30th Annual AAU Girls’ Junior
National Volleyball Championships
A record 316 teams converged on Disney’s Wide World of
Sports in Orlando, Fla. to enjoy not only top-notch volleyball
competition, but the spectacular sights of the area as well.
By Bill Fay
When Christopher Colon replays the video he shot at the 30th
Annual AAU Junior National Volleyball Championships, he'll see
a lot of the same sights he sees at every volleyball tournament—and
a few he never sees.
He'll see his team of 17-and-under girls from Bayamon, Puerto
Rico bump, set and spike volleyballs all over the Milk House
at Disney's Wide World of Sports in one frame and then pose
like princesses in front of Cinderella's Castle at the Magic
Kingdom in the next.
As the video rolls, Colon will see his girls diving, hustling
and slamming their way to a third-place finish in their division
in the morning session and then screaming, shrieking and gasping
after going on one of the thrill rides at Universal Studios
"That is why we come to this tournament,'' Colon said
proudly. "You can get great competition and you can have
great fun. It’s a perfect match for my players and their
Colon has been bringing teams to the AAU Junior Nationals at
Disney's Wide World of Sports the last four years, and like
so many other coaches, is spreading the news that it's one stop
that should be made on the summer circuit. In fact, there were
a total of 26 teams from Puerto Rico in the tournament that
ran in mid-June.
Colon took 10 players and 20 of their relatives in his traveling
party to Orlando. That 30-person mixed contingent is a perfect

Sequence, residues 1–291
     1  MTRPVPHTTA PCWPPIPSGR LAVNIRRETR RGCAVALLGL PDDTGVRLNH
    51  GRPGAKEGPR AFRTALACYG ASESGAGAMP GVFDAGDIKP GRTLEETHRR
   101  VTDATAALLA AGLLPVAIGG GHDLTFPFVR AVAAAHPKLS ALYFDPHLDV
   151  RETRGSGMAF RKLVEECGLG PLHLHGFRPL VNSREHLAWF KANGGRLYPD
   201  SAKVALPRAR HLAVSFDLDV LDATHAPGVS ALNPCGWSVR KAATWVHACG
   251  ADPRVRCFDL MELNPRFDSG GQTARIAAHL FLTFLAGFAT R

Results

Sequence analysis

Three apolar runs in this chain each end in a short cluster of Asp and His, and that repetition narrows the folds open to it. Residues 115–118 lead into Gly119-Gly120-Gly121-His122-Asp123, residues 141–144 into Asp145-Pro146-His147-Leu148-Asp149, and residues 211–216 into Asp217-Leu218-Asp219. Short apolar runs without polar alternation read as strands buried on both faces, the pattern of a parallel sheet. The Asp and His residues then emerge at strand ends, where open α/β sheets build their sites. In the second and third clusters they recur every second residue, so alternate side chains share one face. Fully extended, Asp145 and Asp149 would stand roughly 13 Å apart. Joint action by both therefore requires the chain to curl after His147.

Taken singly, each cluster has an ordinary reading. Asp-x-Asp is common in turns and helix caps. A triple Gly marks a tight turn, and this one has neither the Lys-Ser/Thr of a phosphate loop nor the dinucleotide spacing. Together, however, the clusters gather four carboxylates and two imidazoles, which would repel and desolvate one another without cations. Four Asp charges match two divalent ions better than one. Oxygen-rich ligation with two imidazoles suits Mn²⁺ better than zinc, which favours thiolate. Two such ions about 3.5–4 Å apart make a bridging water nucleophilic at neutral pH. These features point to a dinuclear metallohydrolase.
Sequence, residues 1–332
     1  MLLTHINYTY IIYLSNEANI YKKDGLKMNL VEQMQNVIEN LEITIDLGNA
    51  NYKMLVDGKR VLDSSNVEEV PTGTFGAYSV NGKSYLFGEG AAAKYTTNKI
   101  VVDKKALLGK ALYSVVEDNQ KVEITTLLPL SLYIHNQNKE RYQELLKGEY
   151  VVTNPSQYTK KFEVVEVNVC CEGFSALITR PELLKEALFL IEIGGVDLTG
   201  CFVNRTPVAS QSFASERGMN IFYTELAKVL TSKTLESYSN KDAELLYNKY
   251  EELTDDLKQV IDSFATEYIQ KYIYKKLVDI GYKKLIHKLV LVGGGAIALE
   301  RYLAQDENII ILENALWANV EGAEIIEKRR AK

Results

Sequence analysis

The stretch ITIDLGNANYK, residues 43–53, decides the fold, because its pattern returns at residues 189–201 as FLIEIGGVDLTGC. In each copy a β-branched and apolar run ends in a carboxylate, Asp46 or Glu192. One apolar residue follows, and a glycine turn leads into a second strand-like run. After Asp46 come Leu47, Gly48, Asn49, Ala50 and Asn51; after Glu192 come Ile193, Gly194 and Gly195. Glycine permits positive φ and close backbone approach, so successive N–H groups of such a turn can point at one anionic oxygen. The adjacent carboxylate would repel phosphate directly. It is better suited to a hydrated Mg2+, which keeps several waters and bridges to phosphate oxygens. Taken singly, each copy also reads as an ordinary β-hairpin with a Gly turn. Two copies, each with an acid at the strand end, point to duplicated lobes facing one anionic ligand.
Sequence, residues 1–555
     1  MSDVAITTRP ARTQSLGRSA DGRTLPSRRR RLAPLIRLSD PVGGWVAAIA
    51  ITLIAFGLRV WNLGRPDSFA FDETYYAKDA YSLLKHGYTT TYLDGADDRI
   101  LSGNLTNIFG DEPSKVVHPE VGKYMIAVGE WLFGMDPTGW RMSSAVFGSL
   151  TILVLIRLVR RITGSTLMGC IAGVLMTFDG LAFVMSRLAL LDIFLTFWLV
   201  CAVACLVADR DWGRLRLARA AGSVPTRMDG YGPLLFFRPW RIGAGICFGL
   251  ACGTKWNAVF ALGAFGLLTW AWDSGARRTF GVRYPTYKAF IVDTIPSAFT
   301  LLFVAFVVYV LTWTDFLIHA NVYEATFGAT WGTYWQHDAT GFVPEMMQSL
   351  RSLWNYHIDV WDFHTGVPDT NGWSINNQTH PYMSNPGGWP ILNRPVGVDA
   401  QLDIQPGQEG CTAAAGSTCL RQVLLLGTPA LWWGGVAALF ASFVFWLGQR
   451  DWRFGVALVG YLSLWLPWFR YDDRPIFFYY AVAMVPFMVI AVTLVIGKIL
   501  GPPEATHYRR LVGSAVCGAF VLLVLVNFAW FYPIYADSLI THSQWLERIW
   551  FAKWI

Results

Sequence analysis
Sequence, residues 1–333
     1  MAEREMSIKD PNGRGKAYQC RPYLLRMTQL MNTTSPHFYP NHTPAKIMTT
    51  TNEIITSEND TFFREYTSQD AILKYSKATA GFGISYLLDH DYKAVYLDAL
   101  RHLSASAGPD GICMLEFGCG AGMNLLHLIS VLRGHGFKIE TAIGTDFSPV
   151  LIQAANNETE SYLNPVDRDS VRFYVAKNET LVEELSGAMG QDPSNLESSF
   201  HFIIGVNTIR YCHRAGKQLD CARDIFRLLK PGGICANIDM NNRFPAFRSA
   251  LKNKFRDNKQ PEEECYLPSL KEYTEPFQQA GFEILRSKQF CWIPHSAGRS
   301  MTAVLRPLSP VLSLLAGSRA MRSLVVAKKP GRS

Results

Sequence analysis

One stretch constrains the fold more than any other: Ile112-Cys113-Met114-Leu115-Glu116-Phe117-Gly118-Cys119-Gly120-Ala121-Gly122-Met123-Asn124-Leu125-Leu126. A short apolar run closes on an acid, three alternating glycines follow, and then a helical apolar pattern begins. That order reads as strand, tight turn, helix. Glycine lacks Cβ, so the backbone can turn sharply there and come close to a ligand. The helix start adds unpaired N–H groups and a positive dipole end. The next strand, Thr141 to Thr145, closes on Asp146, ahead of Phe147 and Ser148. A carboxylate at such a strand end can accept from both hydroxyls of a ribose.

snapshot of what this event is all about—high-level competition
for players, combined with exciting vacation attractions for
"We think it is the perfect place to end the volleyball
season,'' said Ron Kordes, director of the Kentucky Indiana
Volleyball Academy (KIVA) club out of Louisville, Ky. that dominated
the field by winning five of the seven age divisions and placing
second in the other two.
Kordes has 130 players in his club and says every one of them
signed up for the tournament. Like Colon's team from Puerto
Rico, most of the KIVA girls made the trip with members of their
"It is so exciting being in an environment like this,''
said Michelle O'Bryan, a member of KIVA's 15-and-under team
that won a national title. "We can play volleyball in Louisville,
but we don't have anything around us like the stuff they have
in Orlando. It is so much fun.''
Kordes says the setting makes the event.
"We probably have 400 people or so down here and we're
all staying in the same hotel so the parents really get a chance
to hang out and get to know each other,'' Kordes said. "Plus,
the competition is great and gets better every year. The facility
is absolutely first class.
"But the best part of the whole thing is you can plan
for it. You don't have to qualify. You just sign up and you're
in so the parents of our girls know when we meet in October
or whenever, they can put this date on their calendar for the
next summer and be sure we're going.''
That is both the blessing and the curse of the AAU Junior Nationals.
Hosting an "all-comers'' event sometimes dilutes the quality
of the field and discourages some of the more competitive clubs
Still, there were a record 316 teams in this year's event that
starts with the 12-and-under Division and goes up through the
18-and-under Open Division.
Florida, as it has since the event moved to Disney in 1997,
had the most teams entered with 56. However, teams came from